sialic acids in infant formulaThis is our fifth blog post in our continuing series on the analysis of milk and dairy products. (Previous posts were on accelerated solvent extraction (ASE) of the total fat in dairy products, ion chromatography (IC) analysis of iodide in milk products, nitrite and nitrates in milk products, and determination of leather protein adulteration in milk.)

Why do manufacturers enrich infant formulas with sialic acids? It is because sialic acids play an important role in immune system and cognitive development in infants. Here is an excellent article, The role and potential of sialic acid in human nutrition, published in the European Journal of Clinical Nutrition on this subject.

Many neuraminic acids have been identified in human milk: N-acetylneuraminic acid (Neu5Ac) is predominant, while N-glycolylneuraminic acid (Neu5Gc) is generally absent. Bovine milk is different, containing about 5% Neu5Gc, different forms of sialic acids, and less than 25% of the total sialic acid content compared to human milk. Unfortified infant formula from bovine milk will, therefore, be lower in sialic acid content and have different sialic acid proportions compared to human milk. Because of the critical role these carbohydrates play in infant development, many manufacturers enrich infant formulas with sialic acids to more closely mimic human milk. Sialic acid determination in a complex matrix, such as a dairy product, presents many challenges.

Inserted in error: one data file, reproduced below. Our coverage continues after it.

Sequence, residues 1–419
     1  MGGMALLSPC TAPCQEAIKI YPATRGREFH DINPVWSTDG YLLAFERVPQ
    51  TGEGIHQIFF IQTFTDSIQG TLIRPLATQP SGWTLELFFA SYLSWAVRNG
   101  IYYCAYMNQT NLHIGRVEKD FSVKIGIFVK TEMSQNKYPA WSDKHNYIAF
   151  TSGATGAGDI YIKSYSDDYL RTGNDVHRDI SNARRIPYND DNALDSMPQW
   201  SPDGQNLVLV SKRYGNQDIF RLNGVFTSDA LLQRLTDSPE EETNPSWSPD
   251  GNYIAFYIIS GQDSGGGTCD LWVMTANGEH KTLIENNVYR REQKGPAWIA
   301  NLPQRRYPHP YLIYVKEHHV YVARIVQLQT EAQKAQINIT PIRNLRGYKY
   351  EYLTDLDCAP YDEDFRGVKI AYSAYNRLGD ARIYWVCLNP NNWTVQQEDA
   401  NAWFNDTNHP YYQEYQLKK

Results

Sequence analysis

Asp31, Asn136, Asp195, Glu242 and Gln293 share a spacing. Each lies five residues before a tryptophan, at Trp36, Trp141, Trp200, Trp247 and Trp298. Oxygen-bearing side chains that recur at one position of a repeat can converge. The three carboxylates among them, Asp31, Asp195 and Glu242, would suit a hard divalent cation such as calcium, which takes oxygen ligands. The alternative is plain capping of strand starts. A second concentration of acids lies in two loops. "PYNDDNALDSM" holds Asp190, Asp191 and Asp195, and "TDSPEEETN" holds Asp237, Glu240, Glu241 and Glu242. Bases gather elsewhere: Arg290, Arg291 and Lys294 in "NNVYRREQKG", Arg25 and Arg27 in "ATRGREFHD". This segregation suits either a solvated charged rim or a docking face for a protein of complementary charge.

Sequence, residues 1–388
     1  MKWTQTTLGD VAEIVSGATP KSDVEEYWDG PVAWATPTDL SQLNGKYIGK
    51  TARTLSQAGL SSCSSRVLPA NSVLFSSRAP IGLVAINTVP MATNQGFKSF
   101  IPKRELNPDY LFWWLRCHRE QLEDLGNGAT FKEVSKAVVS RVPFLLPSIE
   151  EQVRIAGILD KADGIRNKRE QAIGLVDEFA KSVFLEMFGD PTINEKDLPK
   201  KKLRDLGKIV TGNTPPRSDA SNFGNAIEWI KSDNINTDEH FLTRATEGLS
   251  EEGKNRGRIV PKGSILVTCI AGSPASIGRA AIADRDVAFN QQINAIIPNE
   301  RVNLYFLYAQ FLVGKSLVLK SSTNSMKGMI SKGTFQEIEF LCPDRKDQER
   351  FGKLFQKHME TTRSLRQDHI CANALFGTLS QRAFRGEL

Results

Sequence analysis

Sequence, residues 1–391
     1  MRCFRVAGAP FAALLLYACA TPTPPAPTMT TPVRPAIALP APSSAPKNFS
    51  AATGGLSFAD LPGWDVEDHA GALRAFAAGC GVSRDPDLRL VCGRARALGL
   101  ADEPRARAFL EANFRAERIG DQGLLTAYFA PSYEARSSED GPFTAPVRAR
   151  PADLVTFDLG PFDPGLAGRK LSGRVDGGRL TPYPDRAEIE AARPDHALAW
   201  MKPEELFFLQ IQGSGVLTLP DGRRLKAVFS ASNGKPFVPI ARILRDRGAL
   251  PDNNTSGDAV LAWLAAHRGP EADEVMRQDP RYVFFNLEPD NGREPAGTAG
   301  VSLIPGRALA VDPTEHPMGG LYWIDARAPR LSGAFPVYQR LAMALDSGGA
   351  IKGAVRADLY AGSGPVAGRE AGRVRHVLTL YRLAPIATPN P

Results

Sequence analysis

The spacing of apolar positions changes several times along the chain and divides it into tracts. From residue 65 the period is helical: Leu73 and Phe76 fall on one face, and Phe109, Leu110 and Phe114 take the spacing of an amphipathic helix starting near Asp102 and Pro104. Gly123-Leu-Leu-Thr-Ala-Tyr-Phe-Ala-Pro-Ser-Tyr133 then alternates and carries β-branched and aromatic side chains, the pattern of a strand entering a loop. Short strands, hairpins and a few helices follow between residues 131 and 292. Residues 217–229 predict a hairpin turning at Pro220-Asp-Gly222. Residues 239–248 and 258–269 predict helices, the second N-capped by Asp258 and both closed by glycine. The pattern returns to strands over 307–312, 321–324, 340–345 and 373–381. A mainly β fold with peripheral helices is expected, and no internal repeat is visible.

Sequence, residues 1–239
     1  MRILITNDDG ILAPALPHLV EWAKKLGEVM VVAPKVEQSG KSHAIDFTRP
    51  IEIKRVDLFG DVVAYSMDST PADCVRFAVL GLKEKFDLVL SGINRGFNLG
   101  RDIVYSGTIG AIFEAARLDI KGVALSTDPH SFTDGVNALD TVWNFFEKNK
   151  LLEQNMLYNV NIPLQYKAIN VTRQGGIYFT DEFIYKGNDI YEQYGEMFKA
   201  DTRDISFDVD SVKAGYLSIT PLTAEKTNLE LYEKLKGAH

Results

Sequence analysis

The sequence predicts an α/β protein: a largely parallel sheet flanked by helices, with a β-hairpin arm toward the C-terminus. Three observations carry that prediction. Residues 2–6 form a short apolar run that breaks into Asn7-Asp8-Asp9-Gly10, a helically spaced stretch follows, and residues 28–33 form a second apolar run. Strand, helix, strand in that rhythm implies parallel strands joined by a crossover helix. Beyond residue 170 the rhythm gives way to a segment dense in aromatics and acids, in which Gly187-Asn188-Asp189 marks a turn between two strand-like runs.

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Application Note 266, Determination of Sialic Acids Using UHPLC with Fluorescence Detection, (downloadable PDF) addresses these challenges and how to solve them. In this work, N-acetylated sialic acids are determined and O-acetylated sialic acids are identified by HPLC with fluorescence detection in infant formula samples in 20 min as compared to the common 40 min isocratic method. The method uses a fast liquid chromatography analytical column (Thermo Scientific Dionex Acclaim RSLC 120 C18 column) that allows fast run times and requires less acetonitrile than other published methods by using a lower flow rate and having a shorter run time. The sensitivity of fluorescence detection easily allows determination of sialic acids in the infant formula which are present in the pmol range.

Let us know of your testing challenges in milk and dairy products in the comment box below. We look forward to hearing from you!